| 02 November, 2014 00:17
I took a step outside my comfort zone a couple of weeks ago and joined a group of pastelists on a plein air adventure, on the Texas coast at Matagorda, where we found lovely dunes and sea grasses. We first set up at Palacios, but the weather took a turn for the worse. Pastels will be ruined by rain, so we packed up and moved on to a sunny location. The shrimp boats will be there another day in Palacios.
I have painted many times en plein air, but always in oil. Well, once in watercolor, but usually I paint with oils. I was interested in trying to paint outdoors with pastels. How many colors does one need? How difficult are they to transport? Well, I was pleasantly surprised to find they were very easy to work with outdoors. I was not happy, however, with limiting my palette. A limited palette works well in oil because you can mix whatever color you want if you start with the correct primaries. You simply cannot take all the pastel colors you will need. And setting up on the beach in a brisk breeze, while very pleasant, presents distinct problems for the painter. Pastel paper is virtually weightless, and mounted to foamcore it's still pretty much weightless. It is clipped to the easel while painting, but transporting the finished piece to its protected carrier can be tricky in wind.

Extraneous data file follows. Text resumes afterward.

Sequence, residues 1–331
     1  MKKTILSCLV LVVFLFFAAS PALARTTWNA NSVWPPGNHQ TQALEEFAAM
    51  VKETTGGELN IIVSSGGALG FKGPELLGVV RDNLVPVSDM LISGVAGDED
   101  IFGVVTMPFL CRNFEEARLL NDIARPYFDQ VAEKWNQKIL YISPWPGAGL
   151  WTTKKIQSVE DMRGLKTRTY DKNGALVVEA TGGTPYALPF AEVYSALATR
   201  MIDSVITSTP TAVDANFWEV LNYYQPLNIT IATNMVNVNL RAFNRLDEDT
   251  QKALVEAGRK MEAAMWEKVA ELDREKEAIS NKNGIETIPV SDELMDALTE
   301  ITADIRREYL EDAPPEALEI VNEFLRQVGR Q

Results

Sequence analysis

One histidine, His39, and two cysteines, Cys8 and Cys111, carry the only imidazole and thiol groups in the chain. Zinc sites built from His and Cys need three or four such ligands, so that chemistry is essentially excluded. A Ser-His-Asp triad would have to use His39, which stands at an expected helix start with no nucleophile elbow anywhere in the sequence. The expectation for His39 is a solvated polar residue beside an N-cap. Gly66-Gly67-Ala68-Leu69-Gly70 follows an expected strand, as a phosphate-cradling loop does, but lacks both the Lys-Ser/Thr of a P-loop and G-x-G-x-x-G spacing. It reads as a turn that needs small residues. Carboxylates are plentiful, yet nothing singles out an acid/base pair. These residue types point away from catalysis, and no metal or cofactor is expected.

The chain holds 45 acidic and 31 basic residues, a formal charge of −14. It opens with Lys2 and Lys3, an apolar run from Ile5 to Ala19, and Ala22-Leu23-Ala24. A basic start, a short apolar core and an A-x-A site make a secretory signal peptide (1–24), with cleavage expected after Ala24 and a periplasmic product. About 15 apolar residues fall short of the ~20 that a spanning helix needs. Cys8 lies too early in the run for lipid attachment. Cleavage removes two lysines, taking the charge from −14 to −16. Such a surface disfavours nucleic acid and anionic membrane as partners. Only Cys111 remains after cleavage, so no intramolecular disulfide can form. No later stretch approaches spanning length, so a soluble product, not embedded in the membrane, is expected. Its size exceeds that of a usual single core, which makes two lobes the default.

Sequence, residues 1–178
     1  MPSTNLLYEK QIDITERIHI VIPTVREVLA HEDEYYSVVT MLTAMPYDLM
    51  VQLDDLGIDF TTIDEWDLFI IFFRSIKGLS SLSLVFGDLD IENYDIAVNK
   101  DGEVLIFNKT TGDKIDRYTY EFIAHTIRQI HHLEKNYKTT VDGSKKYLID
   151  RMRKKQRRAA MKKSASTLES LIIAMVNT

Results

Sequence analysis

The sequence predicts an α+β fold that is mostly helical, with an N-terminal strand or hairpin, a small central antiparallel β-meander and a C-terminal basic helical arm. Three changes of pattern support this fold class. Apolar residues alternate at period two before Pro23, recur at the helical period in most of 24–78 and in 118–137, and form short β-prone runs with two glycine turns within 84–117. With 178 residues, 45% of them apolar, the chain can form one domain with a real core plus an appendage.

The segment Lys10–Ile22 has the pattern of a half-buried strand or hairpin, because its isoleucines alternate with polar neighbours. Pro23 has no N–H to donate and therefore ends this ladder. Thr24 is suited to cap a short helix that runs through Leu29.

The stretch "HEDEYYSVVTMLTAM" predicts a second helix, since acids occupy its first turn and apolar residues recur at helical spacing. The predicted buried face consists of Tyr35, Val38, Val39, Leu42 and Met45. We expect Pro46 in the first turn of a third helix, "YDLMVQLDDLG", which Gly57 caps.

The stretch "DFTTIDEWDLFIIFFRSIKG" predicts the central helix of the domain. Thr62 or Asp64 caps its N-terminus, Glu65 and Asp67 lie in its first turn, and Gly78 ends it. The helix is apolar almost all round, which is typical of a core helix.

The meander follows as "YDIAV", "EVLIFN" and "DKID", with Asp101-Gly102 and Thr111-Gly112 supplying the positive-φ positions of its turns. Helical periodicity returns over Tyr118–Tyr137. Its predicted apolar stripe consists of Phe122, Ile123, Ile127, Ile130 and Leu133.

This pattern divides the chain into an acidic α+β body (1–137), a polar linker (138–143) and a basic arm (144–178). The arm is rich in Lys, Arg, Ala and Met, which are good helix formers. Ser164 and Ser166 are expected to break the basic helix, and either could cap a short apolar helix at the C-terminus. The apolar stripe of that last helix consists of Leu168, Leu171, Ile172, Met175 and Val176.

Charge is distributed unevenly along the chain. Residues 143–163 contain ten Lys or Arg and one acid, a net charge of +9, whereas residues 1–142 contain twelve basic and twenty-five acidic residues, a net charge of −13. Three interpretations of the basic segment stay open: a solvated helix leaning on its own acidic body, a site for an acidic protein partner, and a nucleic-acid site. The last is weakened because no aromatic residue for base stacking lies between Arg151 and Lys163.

I was not unhappy with the resulting painting. Bear in mind, it's a color study, not a finished studio piece. All in all, the experience was fun, and one I'll definitely repeat. Stay tuned.